Jayalalithaa was given best treatment, no conspiracy in her death: Apollo Hospital doctors
A team of senior doctors attempted on Monday to quell swirling rumours surrounding former Tamil Nadu chief minister J Jayalalithaa’s death, saying the AIADMK leader was given the best possible treatment and even intermittently conscious for days during her prolonged hospitalisation.Updated: Feb 06, 2017, 16:50 IST
Former Tamil Nadu chief minister J Jayalalithaa was given the best possible treatment and was intermittently conscious during her prolonged hospitalisation, a team of doctors said on Monday, seeking to quell swirling rumours surrounding the AIADMK leader’s death.
The statement by the team of doctors who treated Jayalalithaa came a day after her long-time confidante Sasikala Natarajan was named as the leader of the AIADMK, paving the way for her to become the chief minister.
The cloak of secrecy surrounding Jayalalithaa’s health during the hospitalisation and her death on December 5 had sparked allegations that she wasn’t given proper treatment and led to conspiracy theories in the state.
London-based specialist Richard Beale told reporters in Chennai that Jayalalithaa had sepsis when she was brought into Apollo Hospital in September in a conscious state the source of infection was unknown.
The infection had led to severe organ damage, which combined with her chronic diabetes and hypertension, had caused deterioration in Jayalalithaa’s health.
“The process of treatment was straightforward. There was no conspiracy,” Beale said, adding that any questions of exhuming the body were “ridiculous”.
Beale said he met Natarajan on a number of occasions.
“Sasikala was present much of the time and was closely engaged in the care in supportive manner,” Beale said.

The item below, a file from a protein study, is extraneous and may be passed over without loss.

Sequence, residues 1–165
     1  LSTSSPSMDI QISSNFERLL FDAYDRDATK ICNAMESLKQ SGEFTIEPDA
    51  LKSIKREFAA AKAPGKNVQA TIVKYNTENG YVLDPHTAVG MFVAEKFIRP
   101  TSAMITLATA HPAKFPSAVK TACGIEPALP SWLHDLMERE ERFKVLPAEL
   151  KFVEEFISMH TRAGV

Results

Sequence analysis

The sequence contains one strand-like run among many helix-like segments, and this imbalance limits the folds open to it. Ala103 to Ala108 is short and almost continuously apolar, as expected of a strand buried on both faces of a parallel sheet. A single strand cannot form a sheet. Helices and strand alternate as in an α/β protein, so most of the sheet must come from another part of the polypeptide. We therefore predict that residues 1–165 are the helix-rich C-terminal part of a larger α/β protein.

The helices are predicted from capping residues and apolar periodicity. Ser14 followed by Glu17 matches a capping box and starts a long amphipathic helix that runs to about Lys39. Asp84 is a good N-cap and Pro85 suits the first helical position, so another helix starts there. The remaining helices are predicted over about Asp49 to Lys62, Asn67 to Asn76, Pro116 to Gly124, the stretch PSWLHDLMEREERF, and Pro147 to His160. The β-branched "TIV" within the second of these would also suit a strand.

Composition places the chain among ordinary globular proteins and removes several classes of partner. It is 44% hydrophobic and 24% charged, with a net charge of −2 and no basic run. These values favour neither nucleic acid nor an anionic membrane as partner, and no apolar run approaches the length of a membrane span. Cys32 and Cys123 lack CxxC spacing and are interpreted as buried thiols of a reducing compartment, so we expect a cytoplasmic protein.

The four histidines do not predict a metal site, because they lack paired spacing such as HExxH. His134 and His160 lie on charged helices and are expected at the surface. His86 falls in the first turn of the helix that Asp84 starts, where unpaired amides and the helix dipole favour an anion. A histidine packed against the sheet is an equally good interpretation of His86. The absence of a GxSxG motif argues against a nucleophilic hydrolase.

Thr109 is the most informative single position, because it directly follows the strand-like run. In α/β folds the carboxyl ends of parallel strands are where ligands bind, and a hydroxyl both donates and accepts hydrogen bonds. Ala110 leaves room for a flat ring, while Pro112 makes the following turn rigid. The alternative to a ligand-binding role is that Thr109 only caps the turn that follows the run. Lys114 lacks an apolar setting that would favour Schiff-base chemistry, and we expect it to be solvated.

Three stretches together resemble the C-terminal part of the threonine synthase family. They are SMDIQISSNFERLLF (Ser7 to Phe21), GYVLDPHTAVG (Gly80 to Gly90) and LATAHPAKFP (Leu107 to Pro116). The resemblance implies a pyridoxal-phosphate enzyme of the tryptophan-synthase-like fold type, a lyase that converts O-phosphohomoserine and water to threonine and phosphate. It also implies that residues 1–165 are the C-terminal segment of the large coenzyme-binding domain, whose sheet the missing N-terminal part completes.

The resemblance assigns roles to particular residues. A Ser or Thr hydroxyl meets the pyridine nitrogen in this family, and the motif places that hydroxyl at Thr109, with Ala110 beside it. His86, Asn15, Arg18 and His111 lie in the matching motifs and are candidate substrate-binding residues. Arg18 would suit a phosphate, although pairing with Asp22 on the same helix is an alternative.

“It was a completely unexpected cardiac arrest…why? We don’t know. For someone in their more mature years, hypertension and diabetes, recovering sepsis may have contributed,” said Beale, who had been flown in from London for the treatment.
Beale was flanked by P Balaji of Madras Medical College and K Babu of Apollo Hospitals, who had signed in election forms on which her thumb impression was taken.
Balaji said the former CM was fully conscious when she put her thumb impression on the poll papers.
“She was talking, eating, interacting with officials for about a week… her sepsis made her tired, her breathing was getting worse… she was put on a ventilator and sleeping medicines…for 10 days she wasn’t able to communicate continuously…but she did so by signs…after we conducted a tracheostomy, she was awake for 10-12 days awake and communicating by sign and lip reading,” said Balaji.
“She was completely aware and interacting for days,” said Beale. He added that there no questions of releasing photographs of Jayalalithaa arose because it would breach privacy and confidentiality. No CCTV footage existed, he added.
The doctors said she intermittently talked to the medical staff about what she liked to watch on TV, food and her rehabilitation.
“At a personal level, it was clear to me what a most remarkable lady she was. It was a privilege to be involved in her care. I could sense her dedication,” said Beale
She was eating curd rice and watching television when she suffered the “unexpected” cardiac arrest which was witnessed, doctors said. “She was given CPR for 20 minutes but when it failed, she was put on extracorporeal membrane oxygenation for 24 hours. It was then we realised that continuing care was futile. It was relayed to senior government officials and family,” Balaji said.
(With agency inputs)
(With agency inputs)